A6M1 Drawings
Evidence and Theory Presented by Jim Long

Part Three

The Zero's radio installations and its weapons systems were the features of the September 1974 installment of Koku-Fan's articles on the A6Ms. In that issue you can see the placement of the transmitter and receiver in the A6M2s. These are views that can be compared to the drawings of the A6M1 cockpit arrangements, as identified in Part Two.

page189.JPG (262089 bytes)

(Annotated copy of page 189 from the September 1974 issue of Koku-Fan Monthly.)
Click Image to Enlarge

Also included in the September issue are technical drawings of the 20mm wing cannon installation, the bomb-dropping equipment, and the 7.7mm machine guns. The drawings of the cowling-mounted machine guns are of particular interest in that they show the A6M1 layout. One can know that the drawings show the A6M1 by noticing the placement of the machine-gun interrupter gear on the engine and the look of the engine profile.

The three drawings at the top of page 189 illustrate the 7.7mm fixed machine gun mounting of the A6M1. Notice that the interrupter gear fixture is low on the right side of the rear part of the engine. Also notice that the engine is equipped with a downdraft carburetor. Only an outline of the engine's accessory section is shown, but it is enough to tell us that the engine has a downdraft carburetor. It is the item at the top that looks like the profile of a man looking toward the right - a man with a sharp nose, a heavy brow ridge, and a knot on the top of his flat head. Since no A6M2 ever had a downdraft induction system, this must be the back part of the Zuisei 13 of the A6M1s that we are looking at here.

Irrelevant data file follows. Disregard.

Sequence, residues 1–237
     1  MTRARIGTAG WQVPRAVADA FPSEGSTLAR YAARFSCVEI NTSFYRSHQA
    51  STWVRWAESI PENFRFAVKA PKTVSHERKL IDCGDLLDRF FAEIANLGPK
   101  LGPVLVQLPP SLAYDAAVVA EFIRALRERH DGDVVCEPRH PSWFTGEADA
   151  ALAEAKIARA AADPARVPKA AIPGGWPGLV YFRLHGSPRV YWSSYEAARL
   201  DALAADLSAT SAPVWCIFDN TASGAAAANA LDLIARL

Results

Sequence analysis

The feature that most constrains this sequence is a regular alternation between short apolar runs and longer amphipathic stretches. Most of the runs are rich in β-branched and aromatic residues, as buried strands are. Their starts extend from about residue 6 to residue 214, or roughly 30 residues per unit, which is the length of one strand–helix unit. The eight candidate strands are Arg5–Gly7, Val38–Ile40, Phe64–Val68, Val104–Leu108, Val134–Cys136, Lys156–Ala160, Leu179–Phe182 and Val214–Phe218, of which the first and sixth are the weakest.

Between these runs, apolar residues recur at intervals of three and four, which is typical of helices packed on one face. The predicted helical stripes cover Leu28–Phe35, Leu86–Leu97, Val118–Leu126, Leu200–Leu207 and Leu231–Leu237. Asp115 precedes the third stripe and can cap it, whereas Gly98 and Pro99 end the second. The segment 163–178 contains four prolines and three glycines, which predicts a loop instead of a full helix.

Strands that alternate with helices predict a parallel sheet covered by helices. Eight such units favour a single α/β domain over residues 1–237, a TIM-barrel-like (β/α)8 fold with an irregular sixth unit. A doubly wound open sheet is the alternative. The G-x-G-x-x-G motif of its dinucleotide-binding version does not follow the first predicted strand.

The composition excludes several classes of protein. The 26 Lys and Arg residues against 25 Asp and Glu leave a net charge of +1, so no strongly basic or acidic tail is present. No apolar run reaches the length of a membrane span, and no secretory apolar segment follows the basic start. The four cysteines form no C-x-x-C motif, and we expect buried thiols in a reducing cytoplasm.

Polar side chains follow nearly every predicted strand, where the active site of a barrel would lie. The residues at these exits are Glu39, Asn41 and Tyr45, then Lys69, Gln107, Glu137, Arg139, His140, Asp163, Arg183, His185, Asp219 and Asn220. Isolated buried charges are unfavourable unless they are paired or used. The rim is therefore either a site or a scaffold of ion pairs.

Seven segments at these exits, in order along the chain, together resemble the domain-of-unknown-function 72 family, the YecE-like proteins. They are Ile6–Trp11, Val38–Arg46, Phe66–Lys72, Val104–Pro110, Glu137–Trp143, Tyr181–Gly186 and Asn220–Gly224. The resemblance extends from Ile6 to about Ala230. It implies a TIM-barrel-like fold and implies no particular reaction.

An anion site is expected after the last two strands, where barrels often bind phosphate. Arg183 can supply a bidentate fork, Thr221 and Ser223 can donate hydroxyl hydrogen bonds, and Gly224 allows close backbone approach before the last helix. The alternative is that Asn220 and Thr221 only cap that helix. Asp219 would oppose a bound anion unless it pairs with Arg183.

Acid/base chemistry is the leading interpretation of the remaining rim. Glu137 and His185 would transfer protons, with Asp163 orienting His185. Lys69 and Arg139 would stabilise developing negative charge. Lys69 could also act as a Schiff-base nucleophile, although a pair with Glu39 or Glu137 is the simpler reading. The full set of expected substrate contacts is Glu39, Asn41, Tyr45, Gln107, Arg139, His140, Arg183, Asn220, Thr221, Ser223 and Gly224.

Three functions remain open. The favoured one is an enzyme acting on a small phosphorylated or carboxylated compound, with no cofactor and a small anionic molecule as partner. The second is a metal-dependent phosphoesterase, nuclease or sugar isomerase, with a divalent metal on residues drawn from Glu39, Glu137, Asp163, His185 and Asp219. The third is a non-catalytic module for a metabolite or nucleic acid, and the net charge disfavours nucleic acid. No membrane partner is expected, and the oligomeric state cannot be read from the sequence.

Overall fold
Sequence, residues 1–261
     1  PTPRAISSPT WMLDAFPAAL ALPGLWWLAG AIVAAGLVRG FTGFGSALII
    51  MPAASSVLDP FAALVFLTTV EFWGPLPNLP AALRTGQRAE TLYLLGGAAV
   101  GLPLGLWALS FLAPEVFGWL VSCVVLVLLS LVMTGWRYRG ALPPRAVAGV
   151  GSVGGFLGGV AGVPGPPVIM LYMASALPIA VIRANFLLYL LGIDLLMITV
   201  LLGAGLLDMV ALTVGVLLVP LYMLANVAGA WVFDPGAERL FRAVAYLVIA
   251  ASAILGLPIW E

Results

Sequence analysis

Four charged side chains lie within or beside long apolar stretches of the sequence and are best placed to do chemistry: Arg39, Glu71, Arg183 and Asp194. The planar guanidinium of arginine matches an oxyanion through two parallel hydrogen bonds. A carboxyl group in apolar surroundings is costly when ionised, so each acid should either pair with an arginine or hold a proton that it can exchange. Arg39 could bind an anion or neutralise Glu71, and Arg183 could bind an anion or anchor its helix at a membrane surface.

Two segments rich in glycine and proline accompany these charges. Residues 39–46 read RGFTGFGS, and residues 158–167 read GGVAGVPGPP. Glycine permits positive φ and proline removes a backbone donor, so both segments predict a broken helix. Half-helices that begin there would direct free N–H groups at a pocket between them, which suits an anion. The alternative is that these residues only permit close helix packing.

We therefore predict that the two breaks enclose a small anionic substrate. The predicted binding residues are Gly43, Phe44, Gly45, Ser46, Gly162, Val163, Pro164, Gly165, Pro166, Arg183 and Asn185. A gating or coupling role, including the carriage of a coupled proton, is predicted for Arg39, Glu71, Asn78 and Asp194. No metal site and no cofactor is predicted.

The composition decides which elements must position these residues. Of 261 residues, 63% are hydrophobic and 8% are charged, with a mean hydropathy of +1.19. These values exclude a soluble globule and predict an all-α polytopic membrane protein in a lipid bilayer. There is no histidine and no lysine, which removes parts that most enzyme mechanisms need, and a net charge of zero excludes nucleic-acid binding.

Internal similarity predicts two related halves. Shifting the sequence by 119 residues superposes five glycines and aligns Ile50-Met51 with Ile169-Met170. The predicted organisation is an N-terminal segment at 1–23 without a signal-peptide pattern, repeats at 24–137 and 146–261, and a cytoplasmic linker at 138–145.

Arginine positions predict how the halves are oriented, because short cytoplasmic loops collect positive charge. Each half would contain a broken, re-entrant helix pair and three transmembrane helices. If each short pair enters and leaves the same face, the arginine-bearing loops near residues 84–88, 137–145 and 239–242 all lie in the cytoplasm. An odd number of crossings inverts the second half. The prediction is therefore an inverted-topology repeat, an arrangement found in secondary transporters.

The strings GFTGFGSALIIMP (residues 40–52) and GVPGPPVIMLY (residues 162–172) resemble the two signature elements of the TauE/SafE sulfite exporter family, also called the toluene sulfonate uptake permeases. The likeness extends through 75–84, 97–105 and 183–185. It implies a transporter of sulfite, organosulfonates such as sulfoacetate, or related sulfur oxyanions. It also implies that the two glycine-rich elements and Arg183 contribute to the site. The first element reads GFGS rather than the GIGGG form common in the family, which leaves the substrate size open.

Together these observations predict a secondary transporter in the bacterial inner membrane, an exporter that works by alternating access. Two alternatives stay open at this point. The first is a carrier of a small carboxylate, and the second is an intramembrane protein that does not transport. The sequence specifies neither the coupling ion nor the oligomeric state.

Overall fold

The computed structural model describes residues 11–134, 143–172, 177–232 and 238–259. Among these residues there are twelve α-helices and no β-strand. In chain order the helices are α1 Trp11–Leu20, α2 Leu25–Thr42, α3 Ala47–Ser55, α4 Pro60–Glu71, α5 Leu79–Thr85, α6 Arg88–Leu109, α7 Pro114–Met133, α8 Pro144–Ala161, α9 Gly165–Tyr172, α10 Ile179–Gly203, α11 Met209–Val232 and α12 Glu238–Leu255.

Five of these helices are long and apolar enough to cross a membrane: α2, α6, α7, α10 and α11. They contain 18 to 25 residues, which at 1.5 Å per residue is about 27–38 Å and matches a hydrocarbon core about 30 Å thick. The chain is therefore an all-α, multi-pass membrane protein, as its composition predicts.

If this isn't enough proof for you, let's have another look at the A6M2 handling manual as reproduced in Model Art Publication No. 323. Diagram No. 150, which spreads across pages 130 and 131, presents two of the three drawings that appeared in the Koku-Fan Monthly, except that these two have been updated to show the A6M2 installation as well as that of the A6M1. What the Mitsubishi company's draftsman did in that long-ago time in 1939 was to superimpose the A6M2 configuration upon the drawing of the A6M1 installation that already existed, thereby saving the time and the effort that would have been expended to create an all-new drawing just to illustrate a minor change. It was an appropriate expedient because the only features that had to be added were the outline of the Sakae 12's interrupter gear fittings and a short length of cabling.

By the way, the labeling on the drawing points out that the lower fitting and cable-run applied to the original installation and that the upper fitting and cabling applied to Airplane No. 3 and all after. This all makes perfect sense, since A6M Nos. 1 and 2 (the originals) were the two A6M1s and A6M No. 3 was the first A6M2, with the Sakae 12 engine.

If you have the Green Arrow book, you can get a direct view of the three A6M1 drawings. They are on page 102, but are inaccurately labeled as applying to the A6M2-A6M5.

If you have FAOW No. 5/1987-7, check page 44 to see a reproduction of a photocopy of the side and front views of the A6M1 and A6M2 cowl-mounted machine guns. These are the same drawings as the ones in the Model Art Publication No. 323, showing both installations on the same diagrams.


(No new references cited in this part.)

Continue to Part IV